Halimeda tuna

Halimeda tuna is a seaweed belonging to the Halimedaceae family. It owes its name to the Taino term 'tuna', which means cactus, in reference to the way in which this species grows. It is characterized by the formation of stems up to 20 cm high, formed by fragments in the form of kidney-shaped and flat discs up to 2.5 cm in diameter, linked together. The fragments are thicker at their ends and generally present calcareous incrustations. The different fragments are always aligned with each other following the same plane. The color of Halimeda tuna is a yellowish-brown green with a slight whitish tone due to the calicification present in this species.

We will find this species predominantly on rocky bottoms and with depths ranging from the surface to a maximum of 75 meters deep. It is a species that adapts well to moderately shady places with little water movement. Geographically, its distribution is very wide, its only requirement being warm water. A curious fact about this algae, is that they are able to synchronize the time of reproduction, when this happens, the algae completely change their color, becoming whitish. This fact is due to the transformation of the cells of the edges of each of the segments, in reproductive cells, which will release the spores to the water.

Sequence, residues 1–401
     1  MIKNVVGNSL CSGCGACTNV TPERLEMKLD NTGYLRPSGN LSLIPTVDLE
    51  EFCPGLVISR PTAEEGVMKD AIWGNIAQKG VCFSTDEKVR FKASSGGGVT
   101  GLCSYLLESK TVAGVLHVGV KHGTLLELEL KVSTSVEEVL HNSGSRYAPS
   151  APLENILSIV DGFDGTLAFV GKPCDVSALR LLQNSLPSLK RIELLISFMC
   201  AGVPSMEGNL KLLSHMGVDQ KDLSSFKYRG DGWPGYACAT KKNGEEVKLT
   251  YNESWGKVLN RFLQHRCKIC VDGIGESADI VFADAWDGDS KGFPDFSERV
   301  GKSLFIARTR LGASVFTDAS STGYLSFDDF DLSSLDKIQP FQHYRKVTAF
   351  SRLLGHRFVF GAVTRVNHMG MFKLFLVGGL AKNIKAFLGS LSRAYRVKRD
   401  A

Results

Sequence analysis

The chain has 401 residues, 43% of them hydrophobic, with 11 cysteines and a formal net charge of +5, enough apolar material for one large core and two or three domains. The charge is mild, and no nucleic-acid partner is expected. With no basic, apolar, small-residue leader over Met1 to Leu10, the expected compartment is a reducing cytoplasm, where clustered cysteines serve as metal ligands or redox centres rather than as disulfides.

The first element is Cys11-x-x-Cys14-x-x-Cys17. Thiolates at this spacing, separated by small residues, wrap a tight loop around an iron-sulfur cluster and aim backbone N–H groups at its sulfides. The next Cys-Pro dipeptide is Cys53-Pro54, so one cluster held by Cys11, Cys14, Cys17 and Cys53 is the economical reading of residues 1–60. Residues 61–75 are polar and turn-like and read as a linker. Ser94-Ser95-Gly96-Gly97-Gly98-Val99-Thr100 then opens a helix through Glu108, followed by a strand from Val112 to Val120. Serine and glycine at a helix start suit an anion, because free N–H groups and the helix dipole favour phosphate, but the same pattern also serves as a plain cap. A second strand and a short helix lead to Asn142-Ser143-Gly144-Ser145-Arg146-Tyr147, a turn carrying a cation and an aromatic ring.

Halimeda tuna is part of the diet of a not very striking opistobranchian, but which is perfectly camouflaged in this algae, it is Bosellia mimica. Therefore, by observing this algae very carefully and patiently, we will be able to observe this opistobranchium.

As a curiosity of this species, several scientific works have been reported in which diverse compounds have been isolated from Halimeda tuna specimens. These compounds have shown interesting antioxidant, antifungal, antiviral and antimicrobial properties. For example, the compound halitunal presents an activity against the murine coronavirus A59, while diverse extracts of this species have been shown to be effective against diverse batteries (Staphylococcus aureus, Salmonella typhimurium, Salmonella paratyphi, Klebsiella oxytoca and Escherichia Coli), as well as against various fungi (Aspergillus niger, Aspergillus flavus, Alternaria alternata, Candida albicans, Epidermophyton floccosum, Trichophyton mentagrophytes, Trichophyton rubrum and Penicillium sp). It should also be noted that certain molecules present in algae of the genus Dicyota are capable of causing physiological alterations in the algae Halimeda tuna.


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